His hair is graying. His nerves are fraying. Denzel Washington’s Macbeth is a man quite literally running out of time — even before he meets those witches.
At 66, Washington is certainly at the older end of the spectrum of conceivable Macbeths. But it makes wonderful sense: In Joel Coen’s brilliantly imagined, brilliantly executed “The Tragedy of Macbeth,” we confront a man who knows in his bones — his aching bones — that the witches’ prophecy has given him his last chance to be what wants, no, deserves! King of Scotland.
For an actor of Washington’s unique skill set, not to mention facility with Shakespearean verse, Macbeth at any age would be right, frankly. But there’s something wonderful about the fact that it took this long, with all the experience and seasoning Washington now brings to bear. Still, this isn’t simply a matter of an actor meeting a role at the right time.
No matter how cursed or unlucky the so-called “Scottish play” is in theater lore, the stars seem to be aligned here. First, the movie stars: As Lady Macbeth, Frances McDormand is a perfect partner to Washington in age (64) and every other way, adding her signature clear-eyed urgency — and a few legendarily icy stares — to an often caricatured role. And boy, do these two look right together. Maybe it’s true, as somebody said, that the Macbeths have the only good marriage in Shakespeare — though the bar is not high. (Those teenagers Romeo and Juliet had a very short one.)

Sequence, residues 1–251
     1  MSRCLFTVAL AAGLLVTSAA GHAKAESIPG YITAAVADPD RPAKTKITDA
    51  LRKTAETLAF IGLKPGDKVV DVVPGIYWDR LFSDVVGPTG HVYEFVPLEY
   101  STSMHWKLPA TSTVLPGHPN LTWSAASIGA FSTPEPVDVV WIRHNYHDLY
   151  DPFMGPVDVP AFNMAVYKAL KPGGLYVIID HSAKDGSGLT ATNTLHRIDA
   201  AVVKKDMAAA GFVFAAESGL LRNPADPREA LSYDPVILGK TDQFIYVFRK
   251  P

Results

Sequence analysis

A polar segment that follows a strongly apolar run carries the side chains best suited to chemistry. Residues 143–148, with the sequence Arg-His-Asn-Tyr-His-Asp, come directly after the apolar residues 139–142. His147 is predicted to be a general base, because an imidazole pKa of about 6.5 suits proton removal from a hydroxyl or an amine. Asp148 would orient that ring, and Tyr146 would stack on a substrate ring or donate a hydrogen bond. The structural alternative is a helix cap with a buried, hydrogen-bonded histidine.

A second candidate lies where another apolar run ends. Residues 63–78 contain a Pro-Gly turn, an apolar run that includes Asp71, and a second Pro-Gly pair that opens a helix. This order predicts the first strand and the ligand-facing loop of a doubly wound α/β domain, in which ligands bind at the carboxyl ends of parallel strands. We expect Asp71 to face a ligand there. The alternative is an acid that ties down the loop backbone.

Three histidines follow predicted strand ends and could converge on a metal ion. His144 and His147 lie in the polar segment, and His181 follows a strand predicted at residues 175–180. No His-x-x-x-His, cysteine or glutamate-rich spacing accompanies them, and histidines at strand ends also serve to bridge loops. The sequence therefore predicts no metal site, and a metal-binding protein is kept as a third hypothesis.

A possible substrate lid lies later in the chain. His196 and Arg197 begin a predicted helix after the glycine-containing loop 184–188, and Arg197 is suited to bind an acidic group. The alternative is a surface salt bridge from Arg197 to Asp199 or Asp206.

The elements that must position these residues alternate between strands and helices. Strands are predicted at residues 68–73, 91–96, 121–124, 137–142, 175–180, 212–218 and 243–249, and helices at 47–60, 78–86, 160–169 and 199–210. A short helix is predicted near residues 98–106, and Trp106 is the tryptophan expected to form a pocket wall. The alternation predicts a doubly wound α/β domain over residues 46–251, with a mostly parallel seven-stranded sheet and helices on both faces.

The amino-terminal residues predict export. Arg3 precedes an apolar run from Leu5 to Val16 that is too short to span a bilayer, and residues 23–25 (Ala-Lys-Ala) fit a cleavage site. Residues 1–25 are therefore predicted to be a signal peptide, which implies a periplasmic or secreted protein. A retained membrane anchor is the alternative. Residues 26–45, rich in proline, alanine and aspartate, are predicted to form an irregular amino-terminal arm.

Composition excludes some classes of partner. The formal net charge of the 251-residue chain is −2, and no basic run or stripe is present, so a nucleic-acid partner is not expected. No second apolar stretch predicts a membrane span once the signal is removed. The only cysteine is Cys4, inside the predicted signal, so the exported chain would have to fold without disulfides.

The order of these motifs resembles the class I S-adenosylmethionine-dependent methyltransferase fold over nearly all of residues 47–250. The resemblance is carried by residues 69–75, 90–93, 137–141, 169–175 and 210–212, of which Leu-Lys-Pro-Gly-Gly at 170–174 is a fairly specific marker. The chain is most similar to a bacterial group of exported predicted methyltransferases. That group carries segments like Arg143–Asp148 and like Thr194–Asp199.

Completing the dream trio is director Coen (McDormand’s husband, in his first solo outing without brother Ethan), creating an austere and chilling yet gorgeous and stylish cinematic universe. It’s a world in black and white and gray, full of fog, shadows and mist — a chiaroscuro vision that seems half real, half fantasy.
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Designer Stefan Dechant’s set, built onto sound stages, is populated by Brutalist-type structures, high walls, long corridors and tall staircases and dirt paths outside. The key sensation is emptiness: There seems barely a prop around except for swords, doing their vicious work. It feels vaguely medieval but unconnected to a specific period — and thankfully not 2021, either. Most strikingly, Coen and superb cinematographer Bruno Delbonnel present a film literally wrapped in a box, in what they call an academy-ratio square frame.
Frances McDormand in a scene from “The Tragedy of Macbeth,” released December 2021. (A24 via AP)
As befits the bard’s briefest tragedy (albeit with a long list of murders most foul), Coen’s film clocks in well under two hours. We begin, as we should, with the three witches, and the ominous “fair is foul, and foul is fair” line – meaning all is not what it seems, an understatement of Shakespearean proportions. In a terrific creative decision, Coen gives us only one actor, the wonderful veteran Kathryn Hunter, as a shape-shifting contortionist who morphs at will into three identical figures.</…….